To gain a quantitative appreciation for how anammox contributes to Lake Superior’s N-cycle, we have calculated as mass-balance on N for both stations (Fig. 3). N is largely supplied to the sediment through organic matter deposition. Only a small fraction of this N is ultimately buried, however, and much of the N deposited is returned to the water column either as NO3 or as N2. Mass balance calculations yield N2 production rates that are very similar to those measured in our whole-core incubations giving us confidence that we have accurately captured the in situ rates and pathways. Anammox therefore plays an important role in overall N2 production, quantitatively influencing the amount of fixed N buried, the amount recycled to the water column, and thus overall N cycling in Lake Superior.

Figure 3
Figure 3

Mass balance for nitrogen in stations IR (a) and SW (b). Shaded area represents anoxic sediments. Descriptions of calculations are included in the materials and methods (mmol m−2 d−1).

Oxygen and carbon cycling in Lake Superior compares well with trends observed in coastal marine environments13. The relative contribution of anammox to total N2 production also agrees with relative contributions determined in coastal marine sediments with similar water depths, maximum nitrate concentrations, and oxygen penetration depths18,20. Rates of anammox measured in Lake Superior, however, are lower than those typically measured in coastal marine sediments18. We hypothesize that this is related to the low rates of ammonium supplied through carbon degradation in Lake Superior sediments13.

Our experiments document appreciable anammox activity in Lake Superior’s sediments, showing that anammox can play an important role in the sedimentary N-cycle of freshwater environments. Our data also indicates that there are differences in the diversity of anammox bacteria between sites in Lake Superior, with a novel group of anammox bacteria likely present at the IR station. We find that the importance of anammox to total N2 production scales inversely with overall sediment biogeochemical activity in a fashion similar to that observed in marine sediments. We predict then, that anammox is most important in low productivity freshwater environments such as high-latitude lakes. As such, anammox would have global importance to continental N-cycling, and may be a key regulator of the productivity of inland ecosystems. This possibility should be tested through further studies to expand the geographical range of our observations and to more completely map the diversity of anammox bacteria on the continents.

Material and Methods

Sample collection

Sediment samples were collected from stations SW and IR using the R/V Blue Heron. Sediment cores of 94-mm inner diameter were recovered using an Ocean Instruments multi-corer. The landing sites were monitored using a Knudsen 320/R echo sounder with a 28-kHz transducer to select flat areas with laterally homogeneous sediment accumulation.

Process rate measurements

Whole-core measurements of N-transformation rates were measured as previously described17 and only key differences in methodology are noted here. 15N-NO3 was added to both the overlying water and injected into sideports in core tubes at 1 cm intervals to depths of 7 cm at SW and 5 cm at IR and to nominal final concentrations of 25 µM 15N-NO3 . The ratio of 15N/14N in the nitrate pool within the zone of nitrate reduction was estimated by measuring the isotopic composition of N2O, as previously described17. A total of 5 undisturbed intact sediment cores were incubated from each site and incubations terminated after 6, 16, and 38 hours. No relationship to incubation time was observed. The cores were incubated at 4 °C, which corresponds to the temperature (3–5 °C) of Lake Superior bottom waters from May to November. The cores were maintained at 4 °C in the dark and the overlying water was stirred at 60 revolutions min−1 using a magnetic stir bar suspended 3–4 cm above the sediment–water interface. Core tubes were sealed with thick rubber stoppers. Oxygen concentrations decreased over the course of the incubations, but not more than 10% from their in situ values and the measured decrease was linear throughout the incubation period.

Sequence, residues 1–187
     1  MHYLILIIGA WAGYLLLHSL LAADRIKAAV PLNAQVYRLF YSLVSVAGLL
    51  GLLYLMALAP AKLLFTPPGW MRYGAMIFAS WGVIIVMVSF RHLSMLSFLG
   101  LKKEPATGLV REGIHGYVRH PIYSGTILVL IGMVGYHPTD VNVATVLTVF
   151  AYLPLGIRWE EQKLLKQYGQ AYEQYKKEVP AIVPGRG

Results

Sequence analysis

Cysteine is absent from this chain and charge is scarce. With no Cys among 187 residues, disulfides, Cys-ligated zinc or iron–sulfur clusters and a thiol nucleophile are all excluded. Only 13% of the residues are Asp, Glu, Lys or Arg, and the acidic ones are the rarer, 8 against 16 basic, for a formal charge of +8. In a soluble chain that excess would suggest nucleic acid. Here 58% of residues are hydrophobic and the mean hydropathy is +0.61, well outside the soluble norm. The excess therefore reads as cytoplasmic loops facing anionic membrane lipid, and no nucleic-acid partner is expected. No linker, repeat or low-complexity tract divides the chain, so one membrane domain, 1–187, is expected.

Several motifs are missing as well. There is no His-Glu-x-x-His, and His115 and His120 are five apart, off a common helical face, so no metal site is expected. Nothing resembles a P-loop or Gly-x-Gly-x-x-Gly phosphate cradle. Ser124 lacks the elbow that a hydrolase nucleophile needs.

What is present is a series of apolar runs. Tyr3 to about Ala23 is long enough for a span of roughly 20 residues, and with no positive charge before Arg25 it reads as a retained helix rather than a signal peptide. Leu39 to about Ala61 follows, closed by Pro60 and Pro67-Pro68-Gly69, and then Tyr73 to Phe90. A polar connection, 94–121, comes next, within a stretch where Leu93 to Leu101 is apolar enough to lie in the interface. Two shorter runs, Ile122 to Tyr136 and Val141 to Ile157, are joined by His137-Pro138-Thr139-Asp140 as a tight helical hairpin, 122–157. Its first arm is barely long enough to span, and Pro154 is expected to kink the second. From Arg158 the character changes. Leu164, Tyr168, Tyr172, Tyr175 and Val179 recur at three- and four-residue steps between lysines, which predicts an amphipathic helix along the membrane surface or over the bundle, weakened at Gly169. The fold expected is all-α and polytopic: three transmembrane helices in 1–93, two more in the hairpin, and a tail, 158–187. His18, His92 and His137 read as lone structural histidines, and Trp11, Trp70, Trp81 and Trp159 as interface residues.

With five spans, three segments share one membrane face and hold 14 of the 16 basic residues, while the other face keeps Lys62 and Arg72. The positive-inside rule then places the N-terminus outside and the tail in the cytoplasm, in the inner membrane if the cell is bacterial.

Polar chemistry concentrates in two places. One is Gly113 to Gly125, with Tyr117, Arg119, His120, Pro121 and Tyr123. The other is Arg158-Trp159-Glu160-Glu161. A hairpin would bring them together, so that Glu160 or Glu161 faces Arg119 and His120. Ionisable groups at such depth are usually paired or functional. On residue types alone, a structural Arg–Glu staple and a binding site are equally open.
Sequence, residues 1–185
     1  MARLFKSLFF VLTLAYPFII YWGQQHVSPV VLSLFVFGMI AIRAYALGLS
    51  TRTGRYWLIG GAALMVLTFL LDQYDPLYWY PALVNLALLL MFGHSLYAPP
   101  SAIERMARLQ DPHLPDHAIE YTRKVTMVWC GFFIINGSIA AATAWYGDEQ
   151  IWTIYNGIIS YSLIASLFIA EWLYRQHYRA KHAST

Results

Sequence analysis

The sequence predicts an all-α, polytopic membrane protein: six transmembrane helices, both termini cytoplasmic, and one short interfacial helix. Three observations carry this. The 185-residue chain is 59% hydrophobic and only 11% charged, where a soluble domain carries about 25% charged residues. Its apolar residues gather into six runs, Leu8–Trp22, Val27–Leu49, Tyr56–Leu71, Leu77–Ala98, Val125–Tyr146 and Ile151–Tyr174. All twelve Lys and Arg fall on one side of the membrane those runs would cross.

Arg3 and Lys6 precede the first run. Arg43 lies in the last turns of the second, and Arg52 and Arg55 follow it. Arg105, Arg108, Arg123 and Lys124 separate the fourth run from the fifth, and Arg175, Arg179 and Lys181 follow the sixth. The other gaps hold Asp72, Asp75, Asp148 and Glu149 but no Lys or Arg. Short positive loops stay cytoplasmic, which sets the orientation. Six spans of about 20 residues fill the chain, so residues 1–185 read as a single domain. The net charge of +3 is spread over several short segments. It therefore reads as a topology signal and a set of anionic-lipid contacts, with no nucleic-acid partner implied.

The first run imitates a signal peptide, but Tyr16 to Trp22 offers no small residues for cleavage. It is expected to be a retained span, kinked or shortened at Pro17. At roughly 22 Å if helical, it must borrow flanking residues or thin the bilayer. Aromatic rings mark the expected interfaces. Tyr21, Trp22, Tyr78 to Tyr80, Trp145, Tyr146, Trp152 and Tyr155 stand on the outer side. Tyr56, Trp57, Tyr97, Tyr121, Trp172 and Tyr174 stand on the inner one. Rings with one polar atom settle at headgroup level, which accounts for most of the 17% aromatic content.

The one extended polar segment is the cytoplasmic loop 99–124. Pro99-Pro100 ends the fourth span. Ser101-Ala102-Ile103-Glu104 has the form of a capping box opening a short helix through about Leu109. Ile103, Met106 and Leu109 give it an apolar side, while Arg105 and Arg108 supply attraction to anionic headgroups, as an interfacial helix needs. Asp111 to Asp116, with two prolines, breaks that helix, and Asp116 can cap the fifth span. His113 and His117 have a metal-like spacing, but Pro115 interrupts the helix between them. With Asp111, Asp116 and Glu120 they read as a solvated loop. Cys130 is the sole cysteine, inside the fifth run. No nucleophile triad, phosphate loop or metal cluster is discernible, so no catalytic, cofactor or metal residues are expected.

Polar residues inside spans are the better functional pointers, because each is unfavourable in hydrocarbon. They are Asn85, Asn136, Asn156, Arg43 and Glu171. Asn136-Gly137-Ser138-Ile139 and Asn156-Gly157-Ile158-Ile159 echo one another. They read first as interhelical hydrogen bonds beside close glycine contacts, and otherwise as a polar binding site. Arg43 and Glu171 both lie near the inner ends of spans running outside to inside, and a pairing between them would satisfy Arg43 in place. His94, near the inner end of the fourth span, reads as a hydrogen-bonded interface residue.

Sediment slurries were prepared by mixing sediment from the top 0–3 and 3–6 cm of the core with an equivalent volume of bottom water that was previously purged with ultra-high-purity He gas to remove O2 and N2. The sediment slurry was subsequently incubated under He for an additional 24 h to remove residual N2 gas. Following this 24-h period, the sediment slurry was transferred, with no headspace, into ~12-ml gas tight vials (Exetainers, LabCo). Isotopic labels, and specific inhibitor (ATU, final concentration of 165 µmol L−1) were added. The sediment slurries were incubated at room temperature ~20 °C and mixed ~every 6 hours by inversion 3x. Upon sacrificing, 1 ml of slurry was removed from the Exetainer using a needle and syringe and replaced with He gas and 200 μl of a 37% formaldehyde solution to stop microbial activity. The withdrawn sediment slurry (1 ml) was filtered directly through a 0.2 μm pore size syringe filter and the filtrate was frozen for later analysis of NOx and NH4 + concentrations. The formaldehyde-fixed sediment slurry was stored upside down in the Exetainers until isotopic analysis.